Recently I had a talk at Code One about using OpenTracing together with the JDK Flight Recorder to do deep tracing. Since the session wasn’t recorded, I though I’d do a blog about it instead. Here we go…
Distributed tracing has been of interest for a very long time. Multiple companies have sprung up around the idea over the years, and most APM (Application Performance Management) solutions are built around the idea. Google released a paper around their large scale distributed systems tracing infrastructure in 2010 – Dapper, and there are now several open source alternatives for distributed tracing available inspired by the paper, such as Jaeger and Zipkin.
In Java land, pretty much all of the APMs are doing pretty much the same thing: they use BCI (byte code instrumentation) for getting the data, and then they present that data to the end-user in various ways, oftentimes using some kind of analysis to recognize common problems and suggesting solutions to the end users of the APM. The real differentiation is knowing what data to get, and what to do with the data once captured.
Since there was no standard, one problem was for vendors to inject helpful, vendor specific, information into the distributed traces. The vendor of a software component may have a quite good idea about what information would be helpful to solve problems. Some vendors support APM specific APIs for contributing the data, but more often than not the instrumentation is done using BCI by scores of developers working for the various APM companies. The same is true for maintainers of open source components – either skip the problem entirely and let the APM vendors come up with good instrumentations points (if your component is popular enough), or pick a popular APM and integrate with it. That is, until OpenTracing came along…
Introduction to OpenTracing
OpenTracing is an open source, vendor neutral, distributed tracing API. In other words, library developers can interact with one API to support multiple APM/Tracer vendors. Also, customers can add contextual information to distributed traces without worrying about vendor lock-in. Contributors to OpenTracing include LightStep, Jaeger, Skywalking and Datadog, and the specification is available on GitHub:
The core API concepts in OpenTracing are (from the slides of my talk, DEV5435):
Also worth noting is that a Scope is a thread local activation of a span.
As an example, we’ll be using a simple application consisting of three microservices. It is part of the back-end of a fictional robot store. Robots can be ordered at the Orders service, and they will be produced in a Factory. There is also a Customers service keeping track of the customers. Finally there is a load generator that can be used to exercise the services.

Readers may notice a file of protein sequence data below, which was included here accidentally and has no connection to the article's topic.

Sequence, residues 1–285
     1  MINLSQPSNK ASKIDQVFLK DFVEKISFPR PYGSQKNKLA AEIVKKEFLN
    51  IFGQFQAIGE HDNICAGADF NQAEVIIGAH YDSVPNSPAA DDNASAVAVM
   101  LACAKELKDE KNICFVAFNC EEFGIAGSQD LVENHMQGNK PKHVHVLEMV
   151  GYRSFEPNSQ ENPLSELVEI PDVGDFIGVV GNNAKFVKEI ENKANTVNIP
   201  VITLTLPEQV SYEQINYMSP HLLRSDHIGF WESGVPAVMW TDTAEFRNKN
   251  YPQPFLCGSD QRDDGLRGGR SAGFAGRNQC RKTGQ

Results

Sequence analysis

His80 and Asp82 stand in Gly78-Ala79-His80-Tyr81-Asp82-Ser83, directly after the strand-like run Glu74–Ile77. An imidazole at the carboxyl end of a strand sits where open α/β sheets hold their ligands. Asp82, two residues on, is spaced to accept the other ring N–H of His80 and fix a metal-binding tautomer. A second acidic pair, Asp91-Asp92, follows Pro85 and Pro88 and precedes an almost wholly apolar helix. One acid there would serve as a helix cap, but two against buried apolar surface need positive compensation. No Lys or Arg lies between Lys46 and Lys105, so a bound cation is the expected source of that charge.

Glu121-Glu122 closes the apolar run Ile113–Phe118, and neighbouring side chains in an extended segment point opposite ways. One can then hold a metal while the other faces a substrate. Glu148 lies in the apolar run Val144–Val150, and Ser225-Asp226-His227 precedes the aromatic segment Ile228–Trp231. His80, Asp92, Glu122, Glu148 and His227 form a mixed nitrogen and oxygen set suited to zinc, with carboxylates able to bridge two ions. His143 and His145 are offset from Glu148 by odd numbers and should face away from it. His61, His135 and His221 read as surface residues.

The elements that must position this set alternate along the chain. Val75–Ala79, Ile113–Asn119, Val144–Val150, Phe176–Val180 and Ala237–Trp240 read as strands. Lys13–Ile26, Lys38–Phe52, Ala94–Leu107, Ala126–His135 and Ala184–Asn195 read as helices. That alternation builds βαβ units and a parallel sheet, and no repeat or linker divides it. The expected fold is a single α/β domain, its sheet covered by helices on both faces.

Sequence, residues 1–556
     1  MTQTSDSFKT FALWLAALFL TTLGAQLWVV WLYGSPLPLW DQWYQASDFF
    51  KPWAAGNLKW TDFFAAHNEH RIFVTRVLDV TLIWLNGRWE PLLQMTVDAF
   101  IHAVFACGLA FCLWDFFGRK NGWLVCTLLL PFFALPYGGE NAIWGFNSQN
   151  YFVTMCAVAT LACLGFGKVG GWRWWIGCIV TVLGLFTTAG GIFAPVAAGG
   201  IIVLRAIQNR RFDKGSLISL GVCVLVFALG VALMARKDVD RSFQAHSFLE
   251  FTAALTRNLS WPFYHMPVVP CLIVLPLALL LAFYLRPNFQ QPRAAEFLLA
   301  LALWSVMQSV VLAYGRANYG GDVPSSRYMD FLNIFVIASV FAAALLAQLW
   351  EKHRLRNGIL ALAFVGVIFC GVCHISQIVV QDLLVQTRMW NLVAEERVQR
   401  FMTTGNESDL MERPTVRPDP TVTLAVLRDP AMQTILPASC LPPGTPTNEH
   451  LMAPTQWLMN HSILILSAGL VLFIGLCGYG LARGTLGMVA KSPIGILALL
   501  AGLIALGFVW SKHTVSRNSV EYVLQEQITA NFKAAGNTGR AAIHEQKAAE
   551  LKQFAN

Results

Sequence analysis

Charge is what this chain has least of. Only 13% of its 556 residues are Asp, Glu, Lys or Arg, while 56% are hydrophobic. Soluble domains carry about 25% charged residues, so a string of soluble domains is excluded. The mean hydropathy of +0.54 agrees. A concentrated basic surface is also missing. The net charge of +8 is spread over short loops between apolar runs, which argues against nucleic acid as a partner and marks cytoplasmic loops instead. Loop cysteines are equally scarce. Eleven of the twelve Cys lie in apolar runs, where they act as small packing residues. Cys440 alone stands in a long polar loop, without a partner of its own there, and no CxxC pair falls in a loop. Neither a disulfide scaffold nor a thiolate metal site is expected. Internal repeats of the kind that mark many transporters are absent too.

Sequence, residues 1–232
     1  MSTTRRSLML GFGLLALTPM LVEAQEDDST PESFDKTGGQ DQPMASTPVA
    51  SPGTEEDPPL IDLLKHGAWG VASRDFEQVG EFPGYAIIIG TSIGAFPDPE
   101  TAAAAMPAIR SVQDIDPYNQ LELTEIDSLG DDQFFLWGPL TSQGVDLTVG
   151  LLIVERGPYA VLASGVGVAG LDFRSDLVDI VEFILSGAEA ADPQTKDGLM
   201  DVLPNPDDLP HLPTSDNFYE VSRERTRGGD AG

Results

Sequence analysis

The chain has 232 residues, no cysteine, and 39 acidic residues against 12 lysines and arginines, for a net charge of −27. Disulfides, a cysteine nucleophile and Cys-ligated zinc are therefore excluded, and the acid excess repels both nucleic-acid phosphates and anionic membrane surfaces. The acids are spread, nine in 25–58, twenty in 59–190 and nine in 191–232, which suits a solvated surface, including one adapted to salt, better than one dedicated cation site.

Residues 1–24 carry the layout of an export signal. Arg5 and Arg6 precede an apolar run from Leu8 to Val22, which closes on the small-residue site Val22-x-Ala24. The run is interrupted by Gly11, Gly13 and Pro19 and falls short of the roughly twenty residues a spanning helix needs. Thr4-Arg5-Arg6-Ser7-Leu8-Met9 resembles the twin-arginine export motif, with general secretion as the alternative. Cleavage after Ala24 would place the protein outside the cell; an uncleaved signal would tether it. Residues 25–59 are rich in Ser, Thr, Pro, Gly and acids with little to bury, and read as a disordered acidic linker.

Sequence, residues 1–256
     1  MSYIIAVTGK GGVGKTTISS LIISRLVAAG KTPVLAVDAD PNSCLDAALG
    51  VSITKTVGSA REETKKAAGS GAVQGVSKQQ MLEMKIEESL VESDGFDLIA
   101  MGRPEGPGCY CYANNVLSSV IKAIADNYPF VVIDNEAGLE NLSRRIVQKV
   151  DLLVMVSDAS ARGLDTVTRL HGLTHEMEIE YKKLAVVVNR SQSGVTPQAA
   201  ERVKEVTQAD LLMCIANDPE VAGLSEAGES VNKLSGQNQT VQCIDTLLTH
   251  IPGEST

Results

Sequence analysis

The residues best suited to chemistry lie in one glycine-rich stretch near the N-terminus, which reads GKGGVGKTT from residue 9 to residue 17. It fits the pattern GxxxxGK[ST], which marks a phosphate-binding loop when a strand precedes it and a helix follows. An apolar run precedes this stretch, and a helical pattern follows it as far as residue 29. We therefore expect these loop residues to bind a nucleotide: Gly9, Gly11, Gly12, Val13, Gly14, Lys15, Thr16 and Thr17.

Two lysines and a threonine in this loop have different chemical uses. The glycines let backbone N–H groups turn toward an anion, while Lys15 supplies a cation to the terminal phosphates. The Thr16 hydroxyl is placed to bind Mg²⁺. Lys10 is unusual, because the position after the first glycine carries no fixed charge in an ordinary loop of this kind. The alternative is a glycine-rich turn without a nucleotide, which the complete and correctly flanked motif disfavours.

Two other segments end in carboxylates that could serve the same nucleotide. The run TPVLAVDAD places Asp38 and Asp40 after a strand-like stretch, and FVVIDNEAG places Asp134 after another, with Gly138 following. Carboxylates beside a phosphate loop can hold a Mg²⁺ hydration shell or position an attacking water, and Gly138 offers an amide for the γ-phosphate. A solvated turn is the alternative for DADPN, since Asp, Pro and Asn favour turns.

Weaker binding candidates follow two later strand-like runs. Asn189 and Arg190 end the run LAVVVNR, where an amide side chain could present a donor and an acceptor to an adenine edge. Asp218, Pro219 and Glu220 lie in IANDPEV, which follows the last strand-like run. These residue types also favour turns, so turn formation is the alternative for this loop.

The code is available under https://github.com/thegreystone/problematic-microservices. (Yes, as the name indicates, the services come pre-packaged with built-in problems. :))
The services, as well as the load generator, have built-in tracing support, so for a full systems run with the load generator, you would get a trace (a DAG of spans), looking something along the lines of:
Or, in Jaeger, where you have time on the X axis:
In this case I have scrolled down a bit to focus on the factory. As can be seen, there is great variability in the time it takes to create a chassis and/or paint a robot. We have multiple production lanes, and we’d expect times across the factory lanes to be more even, not to mention much faster. So what gives?
Well, we can expand the operation to see if there was some additional information:
Now, sometimes the tags may include crucial pieces information that may help you solve the problem without needing any additional information. In this particular case, though, knowing that we were building a pink BB-8 isn’t really doing the trick.
What would be the next step? All too often the next step would be to look at the code around the instrumentation point, trying to figure out what was going on at the time simply from analyzing the code. Sometimes that may be quite hard. The problem may be in third party code not expected to behave badly. There may even be some other piece of code not directly in the code path causing the problems, perhaps an agent misbehaving and causing long lasting safe points in the JVM.